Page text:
But it seems I may have been the only person who did that, because this album tanked… big time. The album barely made a splash and no one seemed to take any notice of it. Sales were abysmal and the record label (RCA) dropped the band later that year. The group split up shortly thereafter.

I once had a short-lived newspaper column called ‘records that time forgot’ where I would find old, nearly forgotten records at used stores, thrift shops, etc, with an eye toward resurrecting lost masterpieces, and then write about them. Downward is Heavenward almost became the subject of one, even though the album was barely 3 years old at the time, because I felt it hadn’t had the chance to be remembered, let alone forgotten. And that’s a real shame, because this thing is smartly put together and executed by expert musicians.

Like its predecessor, this album features some very tight and complex songwriting, with a brilliantly clean distortion that overlaps shrouded and oblique, but thought-provoking lyrics delivered with such earnestness by Matt Talbot. Then there’s that guitar riff that never seems to end in Ms. Lazarus, I’m not sure if I’ve ever heard anything so intriguing.

April 11-13

wow. a whirlwind of music the past couple days. i guess that’s what happens when impending deadlines force you to stay at the office into the wee hours of the evening. who says publishing isn’t a rewarding field?

some great music this time around:

  • alan silvestri [back to the future ii]
  • christopher franke [babylon 5: the ragged edge]
  • string theory [anhedonia]
  • hum [downward is heavenward]
  • christopher franke [babylon 5: lines of communication]
  • medeski, martin and wood [combustication]
  • john barry [across the sea of time]
  • stereolab [dots and loops]
  • christopher franke [babylon 5: the coming of shadows]
  • daft punk [discovery]
  • at home with the groovebox
  • mikhail pletnev performing tchaikovsky’s morceaux (18) for piano
  • mouse on mars [distoria ep]
  • christopher franke [babylon 5: no surrender no retreat]
  • oslo philharmonic performing tchaikovsky’s manfred symphony
  • yoko kanno [cowboy bebop: vitaminless]
  • orbital [diversions]
  • christopher franke [babylon 5 volume 1]
  • man or astroman? [destroy all astromen!]

dots and loopswhile we’re on the subject of leaps-above-the-bar music, i must also mention both stereolab’s dots and loops and hum’s downward is heavenward. though i’ve been a stereolab fan for quite some time now (i’ve even been to 2 shows), i didn’t realize until i was preparing this write up how highly rated dots and loops is. stereolab is a great band, but it can be very uneven. on most albums, every 5 star song is countered by a 3 star song (the lowest on my ratings scale; 1 and 2 stars are reserved for organizational purposes), but not dots and loops. every song on that album is either 4 or 5 stars. ‘miss modular, ‘prisoner of mars’ and ‘parsec’ stick out as particularly outstanding works.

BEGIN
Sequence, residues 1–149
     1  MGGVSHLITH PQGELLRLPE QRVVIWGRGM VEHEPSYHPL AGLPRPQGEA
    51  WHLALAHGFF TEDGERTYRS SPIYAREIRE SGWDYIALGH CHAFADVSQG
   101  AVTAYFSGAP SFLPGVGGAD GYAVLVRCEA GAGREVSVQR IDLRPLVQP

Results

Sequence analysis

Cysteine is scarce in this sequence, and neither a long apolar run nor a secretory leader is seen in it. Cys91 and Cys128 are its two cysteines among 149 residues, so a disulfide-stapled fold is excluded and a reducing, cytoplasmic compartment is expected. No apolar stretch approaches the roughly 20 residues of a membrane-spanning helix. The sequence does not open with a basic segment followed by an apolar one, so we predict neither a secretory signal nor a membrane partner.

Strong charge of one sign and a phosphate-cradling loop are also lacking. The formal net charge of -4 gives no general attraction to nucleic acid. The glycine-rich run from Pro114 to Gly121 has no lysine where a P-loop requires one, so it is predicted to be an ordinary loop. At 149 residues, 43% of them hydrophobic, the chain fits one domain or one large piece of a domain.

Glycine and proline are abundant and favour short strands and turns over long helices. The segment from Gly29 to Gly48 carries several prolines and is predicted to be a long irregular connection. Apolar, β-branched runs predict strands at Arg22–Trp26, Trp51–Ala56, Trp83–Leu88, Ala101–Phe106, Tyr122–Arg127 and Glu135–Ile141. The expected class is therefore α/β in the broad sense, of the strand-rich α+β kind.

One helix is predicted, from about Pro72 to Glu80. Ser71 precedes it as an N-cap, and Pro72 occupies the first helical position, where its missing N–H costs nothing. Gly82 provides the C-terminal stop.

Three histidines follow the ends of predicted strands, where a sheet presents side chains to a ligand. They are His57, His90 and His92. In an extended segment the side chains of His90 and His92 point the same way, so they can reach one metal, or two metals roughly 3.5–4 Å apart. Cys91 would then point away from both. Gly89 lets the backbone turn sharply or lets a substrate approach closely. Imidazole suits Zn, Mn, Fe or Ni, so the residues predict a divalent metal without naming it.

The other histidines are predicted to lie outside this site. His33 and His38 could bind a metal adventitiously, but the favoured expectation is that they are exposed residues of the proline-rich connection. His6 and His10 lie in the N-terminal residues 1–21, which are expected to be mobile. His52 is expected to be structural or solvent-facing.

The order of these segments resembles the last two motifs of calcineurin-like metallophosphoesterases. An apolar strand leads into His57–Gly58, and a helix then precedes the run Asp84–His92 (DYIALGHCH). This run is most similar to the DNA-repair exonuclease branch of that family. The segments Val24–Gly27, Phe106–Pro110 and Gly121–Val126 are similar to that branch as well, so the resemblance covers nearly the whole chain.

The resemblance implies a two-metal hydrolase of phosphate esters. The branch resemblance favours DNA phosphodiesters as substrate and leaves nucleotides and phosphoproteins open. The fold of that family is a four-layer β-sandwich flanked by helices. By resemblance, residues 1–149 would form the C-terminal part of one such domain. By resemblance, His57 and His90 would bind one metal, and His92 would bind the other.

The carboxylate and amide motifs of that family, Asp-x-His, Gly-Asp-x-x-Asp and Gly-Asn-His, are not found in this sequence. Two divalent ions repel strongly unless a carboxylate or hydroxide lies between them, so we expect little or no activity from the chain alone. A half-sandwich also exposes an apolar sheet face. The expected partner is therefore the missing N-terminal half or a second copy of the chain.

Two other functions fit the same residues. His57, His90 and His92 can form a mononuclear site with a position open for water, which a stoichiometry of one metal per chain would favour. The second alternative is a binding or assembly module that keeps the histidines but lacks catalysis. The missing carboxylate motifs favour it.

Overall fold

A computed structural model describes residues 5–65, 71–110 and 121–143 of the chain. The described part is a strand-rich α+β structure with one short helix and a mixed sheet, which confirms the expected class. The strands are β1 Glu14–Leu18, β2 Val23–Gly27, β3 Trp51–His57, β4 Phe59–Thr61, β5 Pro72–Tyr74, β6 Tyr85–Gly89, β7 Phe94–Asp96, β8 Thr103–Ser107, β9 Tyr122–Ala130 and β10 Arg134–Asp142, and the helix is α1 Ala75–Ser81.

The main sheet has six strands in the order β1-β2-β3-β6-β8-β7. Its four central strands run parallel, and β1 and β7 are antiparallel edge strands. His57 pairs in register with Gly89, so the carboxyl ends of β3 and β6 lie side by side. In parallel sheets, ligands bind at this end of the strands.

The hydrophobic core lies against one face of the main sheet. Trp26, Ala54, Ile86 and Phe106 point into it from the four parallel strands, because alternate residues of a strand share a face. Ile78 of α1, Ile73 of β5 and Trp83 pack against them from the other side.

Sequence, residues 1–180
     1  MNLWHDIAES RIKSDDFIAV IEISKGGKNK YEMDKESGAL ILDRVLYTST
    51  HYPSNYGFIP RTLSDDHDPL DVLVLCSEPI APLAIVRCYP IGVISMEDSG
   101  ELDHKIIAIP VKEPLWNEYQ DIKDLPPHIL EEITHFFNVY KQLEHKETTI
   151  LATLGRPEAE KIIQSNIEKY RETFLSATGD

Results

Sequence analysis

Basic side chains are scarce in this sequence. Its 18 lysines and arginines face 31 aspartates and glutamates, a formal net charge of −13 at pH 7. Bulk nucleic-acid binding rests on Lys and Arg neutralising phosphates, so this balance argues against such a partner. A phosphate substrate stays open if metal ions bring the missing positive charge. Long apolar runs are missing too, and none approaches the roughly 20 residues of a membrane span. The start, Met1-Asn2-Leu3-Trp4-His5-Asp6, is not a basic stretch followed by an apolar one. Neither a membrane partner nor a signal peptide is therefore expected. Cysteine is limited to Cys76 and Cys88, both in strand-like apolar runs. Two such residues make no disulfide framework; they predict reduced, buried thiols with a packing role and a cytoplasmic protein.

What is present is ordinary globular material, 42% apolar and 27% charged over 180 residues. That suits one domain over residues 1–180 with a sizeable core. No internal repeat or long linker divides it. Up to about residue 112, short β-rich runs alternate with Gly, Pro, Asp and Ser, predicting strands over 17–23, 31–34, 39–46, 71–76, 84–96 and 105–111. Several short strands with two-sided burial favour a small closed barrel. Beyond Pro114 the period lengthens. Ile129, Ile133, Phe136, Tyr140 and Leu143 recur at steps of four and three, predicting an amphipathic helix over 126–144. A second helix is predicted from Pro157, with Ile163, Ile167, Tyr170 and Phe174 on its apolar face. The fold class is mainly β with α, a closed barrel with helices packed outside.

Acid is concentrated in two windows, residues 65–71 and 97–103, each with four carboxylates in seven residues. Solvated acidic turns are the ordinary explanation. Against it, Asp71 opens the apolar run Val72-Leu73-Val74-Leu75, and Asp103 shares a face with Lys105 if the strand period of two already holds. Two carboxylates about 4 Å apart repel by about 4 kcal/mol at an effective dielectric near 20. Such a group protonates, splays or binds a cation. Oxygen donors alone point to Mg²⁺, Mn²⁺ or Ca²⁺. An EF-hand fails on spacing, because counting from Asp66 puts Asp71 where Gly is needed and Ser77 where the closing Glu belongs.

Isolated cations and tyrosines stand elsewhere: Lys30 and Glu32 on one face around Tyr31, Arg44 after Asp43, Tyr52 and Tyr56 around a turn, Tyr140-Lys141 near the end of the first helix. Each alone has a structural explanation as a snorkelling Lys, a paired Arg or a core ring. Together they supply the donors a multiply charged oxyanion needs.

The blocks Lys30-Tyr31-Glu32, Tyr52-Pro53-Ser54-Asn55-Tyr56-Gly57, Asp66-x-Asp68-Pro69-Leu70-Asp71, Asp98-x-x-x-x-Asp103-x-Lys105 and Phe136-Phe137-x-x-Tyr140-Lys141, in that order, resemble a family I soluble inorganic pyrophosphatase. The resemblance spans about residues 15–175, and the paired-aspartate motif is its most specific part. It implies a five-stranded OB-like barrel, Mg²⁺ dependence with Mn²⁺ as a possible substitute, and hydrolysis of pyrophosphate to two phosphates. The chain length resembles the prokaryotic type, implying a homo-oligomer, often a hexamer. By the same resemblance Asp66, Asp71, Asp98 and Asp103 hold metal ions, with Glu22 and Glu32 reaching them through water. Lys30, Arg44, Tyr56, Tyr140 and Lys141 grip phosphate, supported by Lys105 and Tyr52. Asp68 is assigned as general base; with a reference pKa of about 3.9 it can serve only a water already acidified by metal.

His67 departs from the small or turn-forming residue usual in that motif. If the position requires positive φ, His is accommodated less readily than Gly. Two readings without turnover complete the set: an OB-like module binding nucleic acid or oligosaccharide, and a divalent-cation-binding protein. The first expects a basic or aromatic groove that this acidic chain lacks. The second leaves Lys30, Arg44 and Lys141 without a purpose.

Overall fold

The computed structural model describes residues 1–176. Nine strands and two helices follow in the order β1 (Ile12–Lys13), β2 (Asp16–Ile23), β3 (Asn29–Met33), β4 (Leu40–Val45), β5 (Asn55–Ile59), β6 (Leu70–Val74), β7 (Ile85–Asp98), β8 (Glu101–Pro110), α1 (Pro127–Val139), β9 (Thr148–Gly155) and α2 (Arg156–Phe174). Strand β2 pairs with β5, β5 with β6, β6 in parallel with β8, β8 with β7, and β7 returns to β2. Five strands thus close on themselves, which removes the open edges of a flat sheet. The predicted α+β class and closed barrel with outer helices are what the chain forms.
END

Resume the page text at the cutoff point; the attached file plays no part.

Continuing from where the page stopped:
i remember my first stereolab reference. it was my senior year of high school and i was on a road trip with 2 friends and my mom, scouting colleges in central florida. we were walking around the campus of the florida institute of technology when my friend roy mentioned that he was getting into this new band stereolab (of course, the band had been together about 6 years at that point, but it was new to him). now, i never really trusted roy’s musical recommendations. our tastes overlapped for the most part, but not enough for me to heed his opinion. nothing really came of it, but i do remember seeing dots and loops laying about his room. it wasn’t until 2 years later when i heard cobra and phases that roy was vindicated in that regard. the rest, as they say, is history. •

a note about the babylon 5 music: i’ve gotten about 60% though my collection of it and i still can’t make head or tails of it. it all just sounds so… the same. the 30+ albums that make up the more than 17 hours of music is a lot to digest, particularly when it’s all a similar style. that’s not to say that it’s not good. each season’s theme is excellent of course, and some choice cues are great, such as the classical guitar work that i heard in the ragged edge today. but there’s a lot of more ambient ‘mood setting’ music that kinda blends together from album to album, which makes it hard to decide which tracks to take special note of.

then of course, there’s the coming of shadows, which also made the playlist today. the entire production team was firing on all cylinders for this episode, including christopher franke, who has written some very tense music for a very tense episode. if i had to recommend any of the babylon 5 albums, it would be this one. •

some smooth slacker jazz from medeski, martin and wood.
the surf-inspired stylings of man or astroman?, including a rendition of the MST3K theme.
some competent electronic work from orbital.